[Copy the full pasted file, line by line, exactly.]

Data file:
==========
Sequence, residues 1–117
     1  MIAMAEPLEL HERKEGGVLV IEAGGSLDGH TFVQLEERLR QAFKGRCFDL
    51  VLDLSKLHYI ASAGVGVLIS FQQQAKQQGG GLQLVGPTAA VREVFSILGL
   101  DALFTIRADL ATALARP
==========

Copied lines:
Sequence, residues 1–117
     1  MIAMAEPLEL HERKEGGVLV IEAGGSLDGH TFVQLEERLR QAFKGRCFDL
    51  VLDLSKLHYI ASAGVGVLIS FQQQAKQQGG GLQLVGPTAA VREVFSILGL
   101  DALFTIRADL ATALARP